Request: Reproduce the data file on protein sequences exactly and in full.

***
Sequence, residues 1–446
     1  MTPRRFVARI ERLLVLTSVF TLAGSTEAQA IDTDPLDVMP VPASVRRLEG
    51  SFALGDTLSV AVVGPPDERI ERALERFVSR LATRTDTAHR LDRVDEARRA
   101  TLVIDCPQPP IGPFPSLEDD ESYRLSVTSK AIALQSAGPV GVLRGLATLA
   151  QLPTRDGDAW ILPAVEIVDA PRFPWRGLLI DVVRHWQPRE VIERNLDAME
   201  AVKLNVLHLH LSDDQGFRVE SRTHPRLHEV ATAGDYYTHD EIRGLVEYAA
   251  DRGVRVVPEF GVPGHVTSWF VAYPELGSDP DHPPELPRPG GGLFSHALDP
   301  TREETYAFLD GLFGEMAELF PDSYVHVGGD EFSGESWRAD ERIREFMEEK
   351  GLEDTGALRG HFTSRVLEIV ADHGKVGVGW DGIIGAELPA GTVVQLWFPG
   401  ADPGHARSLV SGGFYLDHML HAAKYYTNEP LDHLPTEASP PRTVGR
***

Sequence, residues 1–446
     1  MTPRRFVARI ERLLVLTSVF TLAGSTEAQA IDTDPLDVMP VPASVRRLEG
    51  SFALGDTLSV AVVGPPDERI ERALERFVSR LATRTDTAHR LDRVDEARRA
   101  TLVIDCPQPP IGPFPSLEDD ESYRLSVTSK AIALQSAGPV GVLRGLATLA
   151  QLPTRDGDAW ILPAVEIVDA PRFPWRGLLI DVVRHWQPRE VIERNLDAME
   201  AVKLNVLHLH LSDDQGFRVE SRTHPRLHEV ATAGDYYTHD EIRGLVEYAA
   251  DRGVRVVPEF GVPGHVTSWF VAYPELGSDP DHPPELPRPG GGLFSHALDP
   301  TREETYAFLD GLFGEMAELF PDSYVHVGGD EFSGESWRAD ERIREFMEEK
   351  GLEDTGALRG HFTSRVLEIV ADHGKVGVGW DGIIGAELPA GTVVQLWFPG
   401  ADPGHARSLV SGGFYLDHML HAAKYYTNEP LDHLPTEASP PRTVGR